The second stop on our cruise aboard the Viking Sea was Barbados and we were embarking on the ‘Panoramic Barbados’ tour, organised by the good people of Viking, with the warm and gregarious Alison as our guide. Here’s what we did in five hours!
Barbados is probably the most British island in the Caribbean; afternoon tea is a daily ritual and cricket is the national sport. The island is home to the commonwealth’s second oldest parliament, having been beaten to the top place by Isle of Man. It has 300,000 inhabitants and a 99 per cent literacy rate.
Guest lectures onboard
As part of the cruise on board the Viking Sea, the boat hosted a number of guest lecturers, who gave seminars about the destinations we visited. I loved these – it was just like being at university again, but with better food, better accommodation, better weather and no exams!
By far the best lecturer was Dr. Sherry Hutt, a former judge, she trained archaeologists, law enforcement and attorneys on heritage protection cases and holds a postdoctoral fellowship at the Smithsonian Institution. Now she is the author behind the ‘Cruising through history’ series. Her lecture on Barbados was top notch.
Her lecture looked at Barbados’ history, which is inextricably linked with that of the slave trade in 16th and 17th centuries. African slaves were brought to the island as part of the three-way triangle with sugar and rum. Before the Brits came along, the island was virtually uninhabited. Early settlers in 1627 attempted to grow tobacco with little success. They also tried cotton, but that went much the same way. Then when Portugal took hold of Brazil, Dutch settlers with their sugar production knowledge moved from Latin America and settled in Barbados. And so the three-way slavery triangle found its origins.
Bridgetown was the first town to be founded in 1628 and unlike the American colonies, where Englishman needed a royal grant for land, Barbados was open to all commoners with enough funds to establish themselves. So here you could live like royalty, without the royal connection.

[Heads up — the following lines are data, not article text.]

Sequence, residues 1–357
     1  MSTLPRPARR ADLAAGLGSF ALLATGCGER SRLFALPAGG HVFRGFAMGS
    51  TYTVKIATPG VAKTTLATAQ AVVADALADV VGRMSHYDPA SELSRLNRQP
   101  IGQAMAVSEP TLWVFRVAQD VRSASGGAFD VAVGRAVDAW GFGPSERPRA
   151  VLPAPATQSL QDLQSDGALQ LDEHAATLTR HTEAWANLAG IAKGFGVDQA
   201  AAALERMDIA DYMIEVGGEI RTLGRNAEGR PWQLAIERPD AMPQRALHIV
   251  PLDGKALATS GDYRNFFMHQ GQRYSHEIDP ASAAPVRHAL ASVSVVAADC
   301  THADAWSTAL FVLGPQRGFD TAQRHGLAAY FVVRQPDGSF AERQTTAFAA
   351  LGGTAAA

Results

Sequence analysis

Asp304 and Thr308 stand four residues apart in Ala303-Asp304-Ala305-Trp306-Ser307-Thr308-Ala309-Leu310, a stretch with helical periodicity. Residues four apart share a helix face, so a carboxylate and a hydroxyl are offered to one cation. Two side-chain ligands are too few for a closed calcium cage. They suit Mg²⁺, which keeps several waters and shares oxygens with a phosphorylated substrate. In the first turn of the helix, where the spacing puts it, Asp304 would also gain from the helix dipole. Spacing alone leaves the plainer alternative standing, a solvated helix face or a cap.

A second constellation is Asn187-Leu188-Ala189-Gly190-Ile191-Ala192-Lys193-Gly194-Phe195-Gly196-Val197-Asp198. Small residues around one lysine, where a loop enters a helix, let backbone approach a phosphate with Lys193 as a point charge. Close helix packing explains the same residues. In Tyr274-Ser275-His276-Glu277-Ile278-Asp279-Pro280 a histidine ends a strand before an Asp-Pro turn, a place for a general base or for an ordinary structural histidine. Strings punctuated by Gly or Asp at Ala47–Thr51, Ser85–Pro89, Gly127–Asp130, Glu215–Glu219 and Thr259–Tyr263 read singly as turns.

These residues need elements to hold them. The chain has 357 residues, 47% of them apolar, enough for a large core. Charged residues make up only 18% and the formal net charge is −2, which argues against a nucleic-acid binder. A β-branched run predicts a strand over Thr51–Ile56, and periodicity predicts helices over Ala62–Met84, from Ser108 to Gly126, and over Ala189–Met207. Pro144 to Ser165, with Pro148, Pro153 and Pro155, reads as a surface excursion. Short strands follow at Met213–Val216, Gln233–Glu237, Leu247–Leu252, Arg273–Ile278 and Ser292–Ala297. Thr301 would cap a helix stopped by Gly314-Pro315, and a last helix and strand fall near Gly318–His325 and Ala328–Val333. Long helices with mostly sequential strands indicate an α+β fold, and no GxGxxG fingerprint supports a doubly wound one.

St James Parish Church, Holetown
Our first stop was St James Parish Church in Holetown, which was founded by the first settlers who originally built a wooden structure to accommodate their growing congregation. The church was rebuilt in stone following a hurricane on 1780. The church includes the original 16th-century baptismal font and bell, the oldest in Barbados, which was manufactured by the Whitechapel Bell Foundry that also produced Big Ben.
Richard Ligon, an intelligent royal courtier escaping the English civil war, became a plantation manager on Barbados and wrote a comprehensive guide to making rum. He couldn’t stand slavery and remained baffled by his fellow plantation owners who spent most their time at banquets and getting rat-arsed on a punch made with crude rum (lethal levels of alcohol), tempered with sugar, lemon, cinnamon, clove, nutmeg, water and maybe pineapple juice.
Meanwhile, as Ligon noted, the knowledge of sugar and rum production was cultivated and refined by the slave workforce. Slavery ended in the 1830s and descendants of Africans and new free African immigrants continued with the sugar production and the distillation of rum – still a mainstay of the economy.
Mount Gay is the island’s oldest rum distillery, established in 1703, and at Highland Adventure Centre on Harrison’s Plantation, we enjoyed our first rum punch whilst enjoying the view of the east coast 1,000 feet above sea level. As Alison, our guide said, ‘us Bajans, we’re all social drinkers – ain’t no one drivin’ today.’
Christmas in Bridgetown
Bridgetown’s centre is a Unesco World Heritage site and includes many colonial buildings including the parliament. From the port, it is an easy twenty-minute walk by foot.
You could brave the queues in the popular ‘Chefette’ chain for a burger, Bajan’s answer to McDonald’s – Alison was very proud that there wasn’t a single golden arch on the island. They attempted to open a branch and it lasted six months, as it wanted to charge over $20 for a burger – a good example of the high cost of living on the island. It’s now used as a car showroom.
The Barbadian’s are fond of Queen Elizabeth II, Prince Harry’s recent visit went down a storm and they are proud to belong to the commonwealth which was being wildly celebrated as part of their Christmas festivities. Organised by the Royal Commonwealth Society Barbados Branch, Independence Square hosted Christmas trees decorated by different school children from across the 53 countries.
Viking Sea’s destination menus
The main restaurant on the Viking Sea would often feature a destination menu, a sample of local fare. In Barbados, we tried Bajan fish cakes, breaded flying fish and ‘conkies’ – a pumpkin-coconut cake steamed in a banana leaf.